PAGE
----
Before reading this short blog, let us start with a song to get into the right mood.
This week was all about dancing! While walking in King Hussein Park on April the 19th, we stumbled across some young men dancing in the middle of the street. Naturally, I decided to join them. They were really welcoming to make fun of a stranger dancing with them. Communicating with them wasn’t easy. They all wanted to talk to me but only one of them spoke proper English. He told me he was from Iraq and was really interested whether I knew Saddam Hussein or not. I told him: yes, I know him. It made him proud and he walked away dancing. Strange.
On the 20th, JOHUD had an outreach event at the university to reach students and future graduates to volunteer at JOHUD. To set the mood there had to be dancing! We danced the Dabke (or at least I tried to). The Dabke is a traditional Levantine dance mostly danced at weddings and joyous occasions. For a proper Dabke performance, you probably should watch another YouTube video ;).
On Friday morning I got invited by Sam, a local member of AIESEC, to join their family for breakfast. Every Friday they typically serve falafel, stuffed falafel, hummus, foul, msabaha (a thicker hummus, also known as hummus plus) and pita! Lots of pita. It was the best meal I have had so far in Jordan. I am really grateful for that 🙂
Later that Friday I shared a meal in downtown Amman that was way worse than my divine breakfast but the view was worth it! I also braced myself for the hot weather of the upcoming days by getting a haircut. The barber was really nice and really meticulous in removing even the smallest hairs. Something barbers don’t usually do in the Netherlands.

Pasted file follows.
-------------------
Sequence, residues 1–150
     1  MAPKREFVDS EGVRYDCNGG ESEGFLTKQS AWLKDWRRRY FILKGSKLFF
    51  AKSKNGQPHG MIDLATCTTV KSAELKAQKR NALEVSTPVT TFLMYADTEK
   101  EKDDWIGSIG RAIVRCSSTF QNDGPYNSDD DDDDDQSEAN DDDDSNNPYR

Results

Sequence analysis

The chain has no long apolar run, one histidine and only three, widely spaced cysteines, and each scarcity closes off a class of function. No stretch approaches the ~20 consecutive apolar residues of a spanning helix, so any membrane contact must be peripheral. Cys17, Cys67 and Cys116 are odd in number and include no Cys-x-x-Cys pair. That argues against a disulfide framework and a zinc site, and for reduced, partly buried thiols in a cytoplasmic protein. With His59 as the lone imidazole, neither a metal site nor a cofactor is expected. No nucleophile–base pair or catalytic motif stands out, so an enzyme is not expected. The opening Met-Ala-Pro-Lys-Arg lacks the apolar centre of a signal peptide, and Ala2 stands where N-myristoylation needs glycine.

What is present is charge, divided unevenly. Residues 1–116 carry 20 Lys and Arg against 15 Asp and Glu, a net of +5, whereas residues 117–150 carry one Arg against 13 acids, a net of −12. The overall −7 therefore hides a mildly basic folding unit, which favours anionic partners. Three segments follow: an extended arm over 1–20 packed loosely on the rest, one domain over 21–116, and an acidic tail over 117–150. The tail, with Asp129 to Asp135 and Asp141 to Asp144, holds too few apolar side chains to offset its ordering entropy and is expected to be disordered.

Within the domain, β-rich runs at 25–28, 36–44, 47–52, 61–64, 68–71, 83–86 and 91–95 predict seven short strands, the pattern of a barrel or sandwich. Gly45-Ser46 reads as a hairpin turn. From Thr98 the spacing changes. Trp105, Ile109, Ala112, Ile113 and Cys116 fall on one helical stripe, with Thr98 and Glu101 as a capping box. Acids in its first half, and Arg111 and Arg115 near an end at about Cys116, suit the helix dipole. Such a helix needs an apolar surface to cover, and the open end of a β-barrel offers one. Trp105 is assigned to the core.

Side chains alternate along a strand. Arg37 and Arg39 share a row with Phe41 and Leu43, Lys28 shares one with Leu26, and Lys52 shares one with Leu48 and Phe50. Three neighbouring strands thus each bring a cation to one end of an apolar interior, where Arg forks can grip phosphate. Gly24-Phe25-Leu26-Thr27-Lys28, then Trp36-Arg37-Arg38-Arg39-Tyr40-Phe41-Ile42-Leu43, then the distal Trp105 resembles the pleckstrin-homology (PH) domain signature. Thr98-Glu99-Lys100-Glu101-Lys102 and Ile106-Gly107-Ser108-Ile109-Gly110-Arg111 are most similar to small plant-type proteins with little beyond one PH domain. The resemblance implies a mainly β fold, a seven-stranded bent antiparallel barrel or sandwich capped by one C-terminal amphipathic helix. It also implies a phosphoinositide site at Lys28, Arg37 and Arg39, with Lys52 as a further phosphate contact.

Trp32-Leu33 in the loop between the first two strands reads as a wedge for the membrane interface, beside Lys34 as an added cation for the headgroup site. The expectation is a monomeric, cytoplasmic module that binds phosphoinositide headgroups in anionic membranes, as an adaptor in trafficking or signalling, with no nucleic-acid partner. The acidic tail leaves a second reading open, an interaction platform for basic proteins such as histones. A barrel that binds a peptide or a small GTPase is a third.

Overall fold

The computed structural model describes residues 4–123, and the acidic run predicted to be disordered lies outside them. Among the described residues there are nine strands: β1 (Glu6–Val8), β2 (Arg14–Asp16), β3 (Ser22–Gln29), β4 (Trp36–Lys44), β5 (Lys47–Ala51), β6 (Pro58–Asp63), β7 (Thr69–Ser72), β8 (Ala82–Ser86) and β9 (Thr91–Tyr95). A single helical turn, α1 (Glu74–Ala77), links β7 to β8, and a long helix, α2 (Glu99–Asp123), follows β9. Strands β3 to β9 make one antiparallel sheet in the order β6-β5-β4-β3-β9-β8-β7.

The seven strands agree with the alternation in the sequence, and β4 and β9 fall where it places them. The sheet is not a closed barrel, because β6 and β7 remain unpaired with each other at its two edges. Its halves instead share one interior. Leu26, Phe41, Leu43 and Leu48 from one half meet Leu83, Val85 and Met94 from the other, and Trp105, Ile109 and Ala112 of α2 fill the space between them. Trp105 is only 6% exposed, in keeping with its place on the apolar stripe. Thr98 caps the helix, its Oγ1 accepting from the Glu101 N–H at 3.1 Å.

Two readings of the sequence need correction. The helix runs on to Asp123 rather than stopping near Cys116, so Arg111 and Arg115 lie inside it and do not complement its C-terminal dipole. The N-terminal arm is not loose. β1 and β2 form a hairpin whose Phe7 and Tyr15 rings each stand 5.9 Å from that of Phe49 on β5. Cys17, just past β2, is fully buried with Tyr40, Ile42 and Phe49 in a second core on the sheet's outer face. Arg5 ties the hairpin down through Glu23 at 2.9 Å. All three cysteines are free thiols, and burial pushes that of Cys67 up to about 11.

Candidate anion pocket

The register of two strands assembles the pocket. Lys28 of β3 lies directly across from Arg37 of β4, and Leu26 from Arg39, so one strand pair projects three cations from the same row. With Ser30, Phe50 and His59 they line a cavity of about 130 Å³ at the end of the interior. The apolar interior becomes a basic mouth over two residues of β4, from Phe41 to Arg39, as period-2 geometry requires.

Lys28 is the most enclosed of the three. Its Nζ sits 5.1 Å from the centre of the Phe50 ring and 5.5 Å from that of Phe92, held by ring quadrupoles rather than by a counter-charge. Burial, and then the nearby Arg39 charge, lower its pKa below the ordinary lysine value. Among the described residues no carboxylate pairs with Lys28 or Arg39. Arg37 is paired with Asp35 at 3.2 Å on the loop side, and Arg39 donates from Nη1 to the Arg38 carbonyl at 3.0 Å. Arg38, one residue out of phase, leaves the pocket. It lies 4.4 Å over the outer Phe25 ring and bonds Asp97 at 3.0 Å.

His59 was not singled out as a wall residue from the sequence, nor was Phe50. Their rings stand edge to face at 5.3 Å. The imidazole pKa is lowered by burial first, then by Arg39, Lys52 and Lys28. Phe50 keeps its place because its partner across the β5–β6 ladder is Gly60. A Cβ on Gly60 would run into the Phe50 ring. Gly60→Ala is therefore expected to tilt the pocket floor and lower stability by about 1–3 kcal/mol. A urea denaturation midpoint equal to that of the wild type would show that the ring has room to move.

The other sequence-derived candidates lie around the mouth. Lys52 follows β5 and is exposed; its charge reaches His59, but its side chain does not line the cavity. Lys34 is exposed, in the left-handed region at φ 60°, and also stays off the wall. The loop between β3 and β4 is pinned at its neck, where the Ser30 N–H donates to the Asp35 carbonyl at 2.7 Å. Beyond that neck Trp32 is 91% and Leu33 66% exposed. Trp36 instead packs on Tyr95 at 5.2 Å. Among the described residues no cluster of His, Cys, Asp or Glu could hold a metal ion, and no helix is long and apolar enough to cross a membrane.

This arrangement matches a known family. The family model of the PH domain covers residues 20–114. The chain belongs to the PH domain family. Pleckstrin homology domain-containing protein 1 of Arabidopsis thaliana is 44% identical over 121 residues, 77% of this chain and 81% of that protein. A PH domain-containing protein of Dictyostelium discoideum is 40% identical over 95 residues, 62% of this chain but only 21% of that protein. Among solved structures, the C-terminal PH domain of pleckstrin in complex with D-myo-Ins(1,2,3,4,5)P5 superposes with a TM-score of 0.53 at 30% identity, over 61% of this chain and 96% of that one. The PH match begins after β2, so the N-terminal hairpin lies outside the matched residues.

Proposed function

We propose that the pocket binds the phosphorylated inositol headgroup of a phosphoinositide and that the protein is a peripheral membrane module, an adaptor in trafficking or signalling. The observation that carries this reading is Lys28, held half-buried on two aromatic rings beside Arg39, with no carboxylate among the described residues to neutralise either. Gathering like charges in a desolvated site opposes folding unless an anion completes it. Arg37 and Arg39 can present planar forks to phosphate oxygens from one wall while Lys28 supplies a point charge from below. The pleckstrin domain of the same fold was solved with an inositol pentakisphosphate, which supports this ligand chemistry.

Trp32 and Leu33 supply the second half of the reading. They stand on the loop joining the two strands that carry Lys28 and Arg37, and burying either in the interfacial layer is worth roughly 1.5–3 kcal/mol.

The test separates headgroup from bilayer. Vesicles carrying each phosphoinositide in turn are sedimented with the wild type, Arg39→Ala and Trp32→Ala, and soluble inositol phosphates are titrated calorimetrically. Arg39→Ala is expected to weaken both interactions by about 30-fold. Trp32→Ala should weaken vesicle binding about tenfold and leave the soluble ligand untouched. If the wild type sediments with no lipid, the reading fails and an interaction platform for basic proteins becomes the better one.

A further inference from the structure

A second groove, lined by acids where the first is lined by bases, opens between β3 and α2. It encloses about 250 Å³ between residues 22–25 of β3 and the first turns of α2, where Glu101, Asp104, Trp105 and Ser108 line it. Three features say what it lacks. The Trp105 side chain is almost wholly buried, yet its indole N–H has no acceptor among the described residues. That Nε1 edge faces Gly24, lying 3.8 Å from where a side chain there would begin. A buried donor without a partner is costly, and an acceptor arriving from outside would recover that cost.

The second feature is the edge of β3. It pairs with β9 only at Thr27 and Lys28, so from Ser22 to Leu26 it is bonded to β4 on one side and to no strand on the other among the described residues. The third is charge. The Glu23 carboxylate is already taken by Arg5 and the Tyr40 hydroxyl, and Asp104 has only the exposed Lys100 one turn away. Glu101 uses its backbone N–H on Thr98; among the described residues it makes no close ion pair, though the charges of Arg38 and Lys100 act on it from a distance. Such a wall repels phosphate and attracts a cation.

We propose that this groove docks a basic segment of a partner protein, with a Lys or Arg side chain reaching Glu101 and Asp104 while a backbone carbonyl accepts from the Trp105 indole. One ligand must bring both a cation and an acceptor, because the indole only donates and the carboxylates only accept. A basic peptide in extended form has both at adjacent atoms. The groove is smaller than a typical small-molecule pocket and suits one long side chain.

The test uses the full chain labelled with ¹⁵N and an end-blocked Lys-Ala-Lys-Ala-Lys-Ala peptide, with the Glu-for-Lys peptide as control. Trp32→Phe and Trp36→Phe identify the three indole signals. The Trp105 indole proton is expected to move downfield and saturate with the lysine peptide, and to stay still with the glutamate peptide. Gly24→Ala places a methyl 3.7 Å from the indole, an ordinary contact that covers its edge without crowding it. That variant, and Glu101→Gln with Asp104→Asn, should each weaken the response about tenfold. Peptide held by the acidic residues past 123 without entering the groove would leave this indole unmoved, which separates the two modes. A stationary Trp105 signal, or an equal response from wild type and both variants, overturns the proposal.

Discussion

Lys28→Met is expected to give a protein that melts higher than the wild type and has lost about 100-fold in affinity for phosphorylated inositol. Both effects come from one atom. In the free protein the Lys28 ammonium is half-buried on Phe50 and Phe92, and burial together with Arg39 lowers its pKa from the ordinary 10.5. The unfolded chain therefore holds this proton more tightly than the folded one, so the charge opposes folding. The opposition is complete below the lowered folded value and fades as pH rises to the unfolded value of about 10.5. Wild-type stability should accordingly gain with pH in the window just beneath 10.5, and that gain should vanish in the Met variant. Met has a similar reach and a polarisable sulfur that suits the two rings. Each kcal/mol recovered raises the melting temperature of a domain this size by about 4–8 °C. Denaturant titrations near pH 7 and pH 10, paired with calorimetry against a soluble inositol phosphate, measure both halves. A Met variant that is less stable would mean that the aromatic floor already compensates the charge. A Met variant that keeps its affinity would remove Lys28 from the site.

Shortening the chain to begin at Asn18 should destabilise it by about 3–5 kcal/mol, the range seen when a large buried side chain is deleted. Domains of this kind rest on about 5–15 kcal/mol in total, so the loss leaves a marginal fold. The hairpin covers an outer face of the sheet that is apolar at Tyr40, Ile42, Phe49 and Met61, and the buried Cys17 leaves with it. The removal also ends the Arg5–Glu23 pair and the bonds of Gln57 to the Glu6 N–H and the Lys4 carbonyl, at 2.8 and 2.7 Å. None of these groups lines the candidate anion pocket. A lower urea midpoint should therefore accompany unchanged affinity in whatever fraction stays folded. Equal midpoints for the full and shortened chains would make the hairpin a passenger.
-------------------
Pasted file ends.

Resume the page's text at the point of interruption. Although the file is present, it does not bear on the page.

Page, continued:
On Saturday I went to Umm Qais and Irbid. Umm Qais is located in the northwest corner of Jordan, in the hills above the Jordan Valley. Umm Qais is the place where Jesus performed one of his greatest miracles; casting demons from two men into a herd of pigs. Umm Qais is a Christian place of pilgrimage and I wasn’t surprised that we saw a big group of Italians. The site boasts a spectacular view of Syria, Jordan, Palestine and Israel. Umm Qais is a nice viewpoint but unfortunately, it is a long way from Amman. To go by public transport from Amman to Umm Qais requires 3 buses. First from Amman to Irbid, then a transit between bus stations in Irbid and finally the bus from Irbid to Umm Qais. Taking buses is perfectly fine, but buses here normally don’t leave on a set time. They leave when the bus is full. You might have to wait for an hour and you might leave instantly. Nobody knows.
It was also really hot on Saturday. At the hottest part of the day, it was 41 degrees Celcius. That is no weather for a Dutch guy hence it was difficult to fully appreciate the beauty of Umm Qais. If you are planning to go, pick a date that is a little colder it will allow you to enjoy it more!
The weekend was concluded with a fresh sweet treat! It prepared me for my last full week in Jordan. I have 10 more days left in this beautiful country and want to enjoy every minute of it! I am going to enjoy Amman as much as possible (read: eat as many falafels, hummus, mutabel etc. as possible) and inshallah I am going to; Madaba & Mount Nebo, Aqaba, Jerash, and Wadi Mujib.